By Merran Laver.
RECENT STATISTICS for Wildcare show that over the past year we responded to over 3,300 calls about wildlife needing help. The largest number of calls related to macropods (1,560) – mostly eastern grey kangaroos, as well as wallabies and the odd wallaroo. Road collisions were the primary reason for more than half of macropod calls (56%).
Other reports were for orphaned or abandoned joeys (often related to road deaths of mother), those caught in fencing, and dog attacks. Over summer, due to the bushfires in the region, we also assessed or brought in to care around 75 macropods with burn injuries. Other burn victims included birds, possums, echidnas and wombats.
Around 1,000 calls about birds came in, making this the second most-reported animal type needing assistance. A diversity of species were called in, from common magpies, cockatoos and rosellas etc. to several raptors and some with unusual names, such as the olive-backed oriole, nankeen night-heron and white-winged triller. The main reasons for calls also varied and included habitat loss, juveniles needing care, car collisions, cat attacks, disease, domestic escape/release and others. In many cases injured birds are found with cause unknown.
Reptiles also made up a large bulk of calls (438) – including lizards, the eastern long-necked turtle and snakes. As with other wildlife, many reptiles were found injured on roads, particularly turtles for which this was the main reason for reporting (65 calls). Many lizards were victims of cat or dog attacks (79) and a fair number, along with snakes, had become entangled or trapped in netting or similar materials (26).
Snake calls (230) are quite different to those for other reptiles, as people tend to report sightings of snakes in their gardens or on their properties. A few frogs and monitors were called in, and this year we had a blind snake called in from Burra – a rarely-seen species.
Small mammals included possums, gliders, bats, echidnas and native rats (antechinus) – a total of 222 calls for a range of reasons. The 90 calls about brushtail possums, for example, were due to loss of parents, habitat loss, entrapment, being hit by cars and dog attacks, among others. There were more than 20 calls about gliders over the year – mainly for sugar gliders, a few feathertails and one greater glider.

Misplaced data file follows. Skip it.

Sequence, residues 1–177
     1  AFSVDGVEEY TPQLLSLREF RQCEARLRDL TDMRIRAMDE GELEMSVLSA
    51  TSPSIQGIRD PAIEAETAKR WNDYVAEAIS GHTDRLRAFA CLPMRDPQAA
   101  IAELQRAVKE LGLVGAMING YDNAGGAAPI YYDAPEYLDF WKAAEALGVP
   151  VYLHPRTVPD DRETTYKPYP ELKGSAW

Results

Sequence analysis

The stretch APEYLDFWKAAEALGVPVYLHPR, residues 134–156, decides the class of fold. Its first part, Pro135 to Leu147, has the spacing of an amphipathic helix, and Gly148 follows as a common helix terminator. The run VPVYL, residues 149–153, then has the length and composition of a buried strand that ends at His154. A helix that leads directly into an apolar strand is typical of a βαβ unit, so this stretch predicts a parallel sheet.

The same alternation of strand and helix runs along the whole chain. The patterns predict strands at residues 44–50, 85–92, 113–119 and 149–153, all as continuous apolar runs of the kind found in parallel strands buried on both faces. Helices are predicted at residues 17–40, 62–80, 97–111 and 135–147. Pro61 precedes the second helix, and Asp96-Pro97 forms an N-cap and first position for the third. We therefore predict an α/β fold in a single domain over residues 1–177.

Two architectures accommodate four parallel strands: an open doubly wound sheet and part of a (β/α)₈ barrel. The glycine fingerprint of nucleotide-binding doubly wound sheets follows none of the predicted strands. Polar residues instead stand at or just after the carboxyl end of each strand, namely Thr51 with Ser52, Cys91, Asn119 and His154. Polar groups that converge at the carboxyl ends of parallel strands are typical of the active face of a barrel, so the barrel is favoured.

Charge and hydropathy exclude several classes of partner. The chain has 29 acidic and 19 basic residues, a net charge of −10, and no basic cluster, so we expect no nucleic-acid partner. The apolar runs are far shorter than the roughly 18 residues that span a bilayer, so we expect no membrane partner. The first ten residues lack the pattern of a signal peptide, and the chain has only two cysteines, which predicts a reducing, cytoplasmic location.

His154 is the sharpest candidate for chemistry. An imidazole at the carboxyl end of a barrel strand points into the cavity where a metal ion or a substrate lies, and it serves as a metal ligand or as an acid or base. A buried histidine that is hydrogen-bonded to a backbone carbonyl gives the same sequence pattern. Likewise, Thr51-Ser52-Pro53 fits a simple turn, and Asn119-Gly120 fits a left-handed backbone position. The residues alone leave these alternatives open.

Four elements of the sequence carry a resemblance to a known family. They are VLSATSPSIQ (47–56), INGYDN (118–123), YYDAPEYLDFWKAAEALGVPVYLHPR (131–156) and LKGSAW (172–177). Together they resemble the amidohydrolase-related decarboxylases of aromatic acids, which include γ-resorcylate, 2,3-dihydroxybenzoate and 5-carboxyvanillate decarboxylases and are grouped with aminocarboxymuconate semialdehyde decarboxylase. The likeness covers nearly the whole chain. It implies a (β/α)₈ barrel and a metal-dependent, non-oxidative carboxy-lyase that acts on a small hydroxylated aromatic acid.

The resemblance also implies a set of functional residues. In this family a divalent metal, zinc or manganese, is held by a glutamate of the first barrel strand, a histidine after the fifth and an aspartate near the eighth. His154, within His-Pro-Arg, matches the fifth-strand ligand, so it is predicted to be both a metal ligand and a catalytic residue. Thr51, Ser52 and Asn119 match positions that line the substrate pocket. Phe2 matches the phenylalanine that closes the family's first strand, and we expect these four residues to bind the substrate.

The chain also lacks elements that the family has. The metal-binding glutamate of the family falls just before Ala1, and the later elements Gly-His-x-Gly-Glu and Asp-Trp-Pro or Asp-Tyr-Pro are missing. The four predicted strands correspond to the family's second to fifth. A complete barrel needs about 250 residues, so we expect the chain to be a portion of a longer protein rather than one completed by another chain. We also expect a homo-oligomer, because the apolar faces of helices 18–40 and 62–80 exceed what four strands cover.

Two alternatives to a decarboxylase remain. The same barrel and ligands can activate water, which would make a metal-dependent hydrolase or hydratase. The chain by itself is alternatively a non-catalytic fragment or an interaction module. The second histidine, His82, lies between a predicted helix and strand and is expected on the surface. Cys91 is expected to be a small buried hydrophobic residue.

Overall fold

The stats show that sugar gliders are particularly susceptible to attack by cats, dogs and birds. Of the small mammals, 32 bat calls were received; most being microbats and others included the Lesser Long-eared bat, Little Forest bat and the wattled bat species. There were over 30 calls about flying foxes (most Grey-headed), often due to entanglement, electrocution or young being orphaned.
Wombats form another category, and over the year there were 88 calls received caused by car collisions (31), skin disease – mange (21), and being orphaned (13).
What were the outcomes?
Our statistics for all wildlife called in during 2016–17 show that: 1,434 died or were euthanised; 584 were released or relocated; 357 were taken into care; 326 are unknown; 278 disappeared (before rescue); 172 were transferred to other wildlife groups and Vets; and, 125 were left alone and observed.
Wildcare is run totally by volunteers and has charity status. If you would like to make a donation (tax deductible), then check out their website: wildcare.com.au. Contact Wildcare on 6299 1966 (put it in your mobile).
— Merran Laver, for Wildcare
SEEN ABOVE: Lesley releases a Tawny Frogmouth. Image supplied.